Paneth cells are another critical cellular component of innate immunity, and make up part of the epithelial barrier at the base of intestinal crypts. Impairment of Paneth cell-derived defensin, notably HD5, is a feature of genetic susceptibility in Crohn's disease (25), a disease with some clinical and pathologic features of intestinal rejection (26). In ITx recipients with ACR, we observed that HD5 levels were higher immediately posttransplant (Fig. 3C), and also after treatment for rejection in two patients (data not shown), perhaps due to steroid induction of HD5 in maturing Paneth cells (27). Along with other animal model studies, our study suggested that restoring HD5 is important for improving mucosal barrier function and protection from deleterious microbial commensals (28–30).
Several innate cell populations have been indicated to play critical roles in animal ACR models, including NK cells (21, 31), dendritic cells (32, 33), and neutrophils (34–36). Neutrophil-derived anti-microbial peptides are known not only to contribute to oxygen-independent microbial cytotoxicity, but also serve as chemotaxins for macrophages, dendritic cells, and T lymphocytes (37, 38). In our study, HNPs were elevated in ITx recipients with rejection as an early graft feature posttransplant (Figs. 2A,B and 3A,B). Fecal calprotectin, another neutrophil-derived protein, has also been reported to be elevated in patients with rejection (6). Neutrophils mediate tissue damage by an array of cytotoxic and proinflammatory mechanisms (34). Thus, neutrophils may participate in the balance of transplant integrity both through microbial protection during and after injury (3), and paradoxically by potentially augmenting adaptive immunity and exacerbating rejection. To our knowledge, this is the first human study of the function and distribution of neutrophils in ACR patients.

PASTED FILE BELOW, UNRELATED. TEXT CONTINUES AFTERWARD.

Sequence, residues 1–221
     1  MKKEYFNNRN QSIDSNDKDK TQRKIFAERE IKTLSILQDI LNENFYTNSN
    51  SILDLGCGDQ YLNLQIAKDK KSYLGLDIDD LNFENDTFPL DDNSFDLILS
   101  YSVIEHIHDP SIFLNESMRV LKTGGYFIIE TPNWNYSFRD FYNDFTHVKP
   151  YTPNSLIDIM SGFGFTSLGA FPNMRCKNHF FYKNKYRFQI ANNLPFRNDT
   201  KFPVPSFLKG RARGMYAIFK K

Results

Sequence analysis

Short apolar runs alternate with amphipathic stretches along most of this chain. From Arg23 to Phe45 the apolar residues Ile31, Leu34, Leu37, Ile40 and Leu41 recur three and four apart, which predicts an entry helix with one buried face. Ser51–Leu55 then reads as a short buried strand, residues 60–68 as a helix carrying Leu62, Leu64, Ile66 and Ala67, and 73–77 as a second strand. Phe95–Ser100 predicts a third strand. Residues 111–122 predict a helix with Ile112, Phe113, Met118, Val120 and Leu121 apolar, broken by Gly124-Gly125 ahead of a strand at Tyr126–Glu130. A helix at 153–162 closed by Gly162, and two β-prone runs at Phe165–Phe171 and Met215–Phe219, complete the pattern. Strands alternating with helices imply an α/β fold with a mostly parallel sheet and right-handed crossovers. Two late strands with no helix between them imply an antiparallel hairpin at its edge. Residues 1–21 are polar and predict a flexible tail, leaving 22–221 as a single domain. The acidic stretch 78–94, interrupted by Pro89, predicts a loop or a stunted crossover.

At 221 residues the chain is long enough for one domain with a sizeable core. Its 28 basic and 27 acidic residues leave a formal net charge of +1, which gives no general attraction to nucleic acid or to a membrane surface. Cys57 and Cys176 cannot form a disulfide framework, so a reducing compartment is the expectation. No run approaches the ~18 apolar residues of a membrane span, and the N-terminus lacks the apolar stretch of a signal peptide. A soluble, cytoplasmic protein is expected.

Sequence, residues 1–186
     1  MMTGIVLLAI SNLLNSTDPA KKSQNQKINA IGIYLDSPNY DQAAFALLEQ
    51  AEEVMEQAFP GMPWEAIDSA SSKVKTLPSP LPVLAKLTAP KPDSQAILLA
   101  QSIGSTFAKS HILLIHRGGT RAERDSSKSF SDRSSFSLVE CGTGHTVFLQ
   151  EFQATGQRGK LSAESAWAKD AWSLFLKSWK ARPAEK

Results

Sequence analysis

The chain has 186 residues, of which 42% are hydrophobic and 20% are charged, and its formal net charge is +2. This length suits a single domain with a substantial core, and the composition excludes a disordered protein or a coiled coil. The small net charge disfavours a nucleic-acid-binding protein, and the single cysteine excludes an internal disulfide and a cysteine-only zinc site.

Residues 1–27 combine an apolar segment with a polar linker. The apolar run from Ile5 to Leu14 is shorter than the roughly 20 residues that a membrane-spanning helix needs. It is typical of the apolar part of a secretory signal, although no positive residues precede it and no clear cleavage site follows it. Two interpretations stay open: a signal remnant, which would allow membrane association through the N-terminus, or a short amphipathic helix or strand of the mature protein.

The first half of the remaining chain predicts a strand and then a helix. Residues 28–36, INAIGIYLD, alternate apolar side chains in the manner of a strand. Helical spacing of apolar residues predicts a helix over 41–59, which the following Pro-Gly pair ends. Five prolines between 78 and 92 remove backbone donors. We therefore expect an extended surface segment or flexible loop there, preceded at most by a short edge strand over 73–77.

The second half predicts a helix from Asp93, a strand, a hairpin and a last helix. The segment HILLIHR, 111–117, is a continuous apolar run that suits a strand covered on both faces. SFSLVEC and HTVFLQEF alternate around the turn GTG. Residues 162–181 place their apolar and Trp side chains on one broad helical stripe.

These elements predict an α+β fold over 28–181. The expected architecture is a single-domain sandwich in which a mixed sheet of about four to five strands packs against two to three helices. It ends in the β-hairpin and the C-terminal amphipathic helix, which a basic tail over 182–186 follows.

Although high-throughput MALDI-MS technology allows for the detection of hundreds of proteins simultaneously, there are several limitations that preclude its direct clinical use. It is expensive, time consuming, and requires proficiency in proteomics for sample analysis. In addition, interpretation of MALDI-MS data requires bioinformatics analysis and identification of peptides/proteins. Accordingly, molecules identified by MALDI-MS need development of conventional assays for clinical applications. For this reason, we performed ELISA to validate HNPs in ostomy effluent samples, and evaluated the correlation of ELISA measurements with the proteomic data. The results showed excellent correlation between the two modalities, suggesting that a simple immunoassay (e.g., ELISA) test of ostomy effluent could potentially complement sequential biopsies for ACR diagnosis and monitoring in clinical application.